Swan House - The Private Rooms

The house's second floor included his-and-hers bedrooms and additional family bedrooms. For such a grand staircase from below, it went "nowhere" - as the family rooms were private spaces.

By Atlanta History Center

Not Boring: Drama, Beauty, and Decoration.

Flowery chintz wallpaper and fabric dominate the room, abiding to decorator Elise de Wolfe’s dictum that “the effect is the thing you are after, isn’t it?”
It is more to the point of de Wolfe’s ghostwriter, Ruby Ross Wood, who basically believed the worst a house could be was boring.
Shutze, too, looked to drama in design. In 1915, he received the prestigious Prix de Rome award. 

As a result, he studied buildings and gardens throughout Italy – including service driving ambulances in World War I.
While there, he measured, photographed, and sketched designs from ancient Rome, the Renaissance, and – Shutze’s favorite – the beauty and decoration of Italian Baroque.

Mrs. Inman's Bedroom

The only second-floor room with original furnishings is Mrs. Inman’s Bedroom.
Like many wealthy couples in the 1920s and 1930s, Emily and Edward Inman had adjoining bedrooms – with a door connecting the two rooms. Following Edward’s death in 1931, Emily used his room as an office and sitting room.
Philip Shutze relates that Mrs. Inman owned and cherished the mantelpiece from her first house and insisted it be reinstalled here. Shutze’s memories of Mrs. Inman years later recall her steady involvement in the house’s design.
Though relatively young, Shutze was hardly an aspiring architect. Born in Columbus, Georgia, in 1890, he entered the School of Architecture at today’s Georgia Tech in 1908 on full scholarship. 

While a student, he worked for the prestigious local firm of Hentz & Reid. After graduation in 1912, he received a second bachelor degree in architecture from Columbia University.

Power Houses

Returning from Italy, Shutze worked for a variety of firms in New York. 

In Atlanta, the firm in which he worked as a student needed a designer. He abandoned New York for Atlanta in 1923 to work for his old firm. 

In 1927, he became a partner and the firm became Hentz, Adler & Shutze.
In a short period of time, Shutze became the premier residential architect of Atlanta’s power elite, designing Baroque-inspired homes for prominent families – Calhoun, Inman, Thornton – before the arrival of the Great Depression.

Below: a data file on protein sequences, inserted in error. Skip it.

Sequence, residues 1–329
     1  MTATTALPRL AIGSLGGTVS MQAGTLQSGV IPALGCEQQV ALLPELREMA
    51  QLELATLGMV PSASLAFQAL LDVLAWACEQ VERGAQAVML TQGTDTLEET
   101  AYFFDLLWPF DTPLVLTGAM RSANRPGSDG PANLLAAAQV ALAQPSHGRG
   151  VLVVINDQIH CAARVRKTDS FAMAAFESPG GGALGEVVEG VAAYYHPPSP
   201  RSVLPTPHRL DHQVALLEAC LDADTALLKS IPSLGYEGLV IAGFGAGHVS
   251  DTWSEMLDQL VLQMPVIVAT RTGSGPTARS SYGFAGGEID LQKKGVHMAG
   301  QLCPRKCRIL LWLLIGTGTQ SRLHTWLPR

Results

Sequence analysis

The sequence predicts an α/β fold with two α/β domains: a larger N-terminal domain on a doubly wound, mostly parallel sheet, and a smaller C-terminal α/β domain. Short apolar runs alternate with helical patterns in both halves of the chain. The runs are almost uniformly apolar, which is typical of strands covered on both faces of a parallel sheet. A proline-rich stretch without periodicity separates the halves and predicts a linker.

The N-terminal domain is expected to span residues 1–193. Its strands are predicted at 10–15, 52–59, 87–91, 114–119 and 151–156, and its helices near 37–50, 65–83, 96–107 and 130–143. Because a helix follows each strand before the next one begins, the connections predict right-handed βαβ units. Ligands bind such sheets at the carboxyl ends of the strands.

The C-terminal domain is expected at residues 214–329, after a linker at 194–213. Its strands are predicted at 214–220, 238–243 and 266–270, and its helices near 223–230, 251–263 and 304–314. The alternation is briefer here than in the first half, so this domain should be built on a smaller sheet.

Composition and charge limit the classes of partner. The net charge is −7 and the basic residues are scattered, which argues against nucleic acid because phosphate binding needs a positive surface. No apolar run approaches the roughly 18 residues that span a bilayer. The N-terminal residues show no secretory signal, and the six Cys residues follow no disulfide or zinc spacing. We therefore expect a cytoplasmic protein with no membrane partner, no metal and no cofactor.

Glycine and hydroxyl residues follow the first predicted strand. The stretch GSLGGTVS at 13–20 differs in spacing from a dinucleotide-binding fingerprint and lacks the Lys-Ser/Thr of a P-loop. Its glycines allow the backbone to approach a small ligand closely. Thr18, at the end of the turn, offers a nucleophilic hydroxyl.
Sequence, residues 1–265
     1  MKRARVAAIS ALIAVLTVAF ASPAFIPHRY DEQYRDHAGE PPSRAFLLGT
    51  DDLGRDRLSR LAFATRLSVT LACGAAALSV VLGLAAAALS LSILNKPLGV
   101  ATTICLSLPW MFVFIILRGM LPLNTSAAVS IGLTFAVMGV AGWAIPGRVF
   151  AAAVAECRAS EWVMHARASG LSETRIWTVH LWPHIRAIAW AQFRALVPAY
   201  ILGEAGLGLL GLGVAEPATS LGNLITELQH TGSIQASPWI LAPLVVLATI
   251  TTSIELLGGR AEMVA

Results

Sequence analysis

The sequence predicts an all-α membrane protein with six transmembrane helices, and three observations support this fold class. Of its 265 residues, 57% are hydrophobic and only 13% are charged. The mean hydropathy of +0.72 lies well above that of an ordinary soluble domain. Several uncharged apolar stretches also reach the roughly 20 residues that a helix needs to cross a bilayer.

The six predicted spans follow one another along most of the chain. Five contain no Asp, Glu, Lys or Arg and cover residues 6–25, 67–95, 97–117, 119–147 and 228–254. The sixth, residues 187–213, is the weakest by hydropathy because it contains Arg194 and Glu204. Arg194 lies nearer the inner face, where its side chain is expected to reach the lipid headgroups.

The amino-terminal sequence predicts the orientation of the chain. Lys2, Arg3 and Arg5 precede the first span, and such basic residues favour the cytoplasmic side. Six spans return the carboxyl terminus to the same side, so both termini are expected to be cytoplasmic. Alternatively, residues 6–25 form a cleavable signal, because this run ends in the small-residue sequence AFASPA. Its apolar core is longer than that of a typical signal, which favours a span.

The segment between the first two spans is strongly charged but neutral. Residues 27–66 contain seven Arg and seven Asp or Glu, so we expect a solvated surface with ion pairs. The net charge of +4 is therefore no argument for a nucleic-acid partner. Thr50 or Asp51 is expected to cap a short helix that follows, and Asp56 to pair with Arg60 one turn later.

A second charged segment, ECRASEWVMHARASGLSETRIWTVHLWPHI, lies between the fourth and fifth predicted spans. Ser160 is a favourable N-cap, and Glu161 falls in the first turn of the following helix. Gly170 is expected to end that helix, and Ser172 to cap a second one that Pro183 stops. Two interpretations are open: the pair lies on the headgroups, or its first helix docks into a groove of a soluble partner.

Bathing in Style

Shutze hired Italian immigrant Athos Menaboni to paint Mrs. Inman’s Bathroom. 

In addition to the faux green marble walls, he painted draperies on the mirrors, swans on the ceiling, and stars over the cabinets. 

He painted over the actual marble in the room to match the effect of his faux marble. 

The room features a wicker toilet cover and a modern shower (as did Mr. Inman’s private bathroom). 

The shower stall includes a toe-tester at the base of the back wall to check the water temperature before turning on the shower head.  

The Top of the Stairs

Those allowed to climb Emily Inman’s spiral staircase arrived at an expansive second-floor landing. From this space, the floor includes four bedrooms: Mr. Inman’s bedroom, Mrs. Inman’s bedroom, and two guest rooms.
Following Mr. Inman’s death, the guest rooms were used by Hugh and Mildred, Emily’s son and daughter-in-law, and by their children, Sam and Mimi.
In 2020, Atlanta History Center received a gift from patron Emily Bourne Grigsby to renovate two of the rooms into exhibition galleries.
As a result, the hall also contains exhibition-related content. The exhibition at the time of photography, Any Great Change, commemorated the centennial of the 19th Amendment to the U.S. Constitution.
The renovated exhibition galleries were once Mr. Inman’s bedroom and the room used by Hugh and Mildred Inman.

The Children's Room

Today, the Children’s Room is an interactive space allowing younger visitors in the house to play, design their own houses, and other activities. 

The room is part of Connor’s Kid Quest, Atlanta History Center’s concept of unstructured play. 

The play spaces appear throughout the History Center’s 33 acres of Goizueta Gardens as well inside the historic houses and all exhibitions. 

A Single Tub

Of the four bathrooms on the second floor, this is the only one with a bathtub. 

The other three have showers only. 

By the 1920s and 1930s, bathing increased in frequency after electrically heated water became more common. 

Showers were seen as offering the best hygiene in bathing along with commercially made soap. 

Credits: All media
The story featured may in some cases have been created by an independent third party and may not always represent the views of the institutions, listed below, who have supplied the content.
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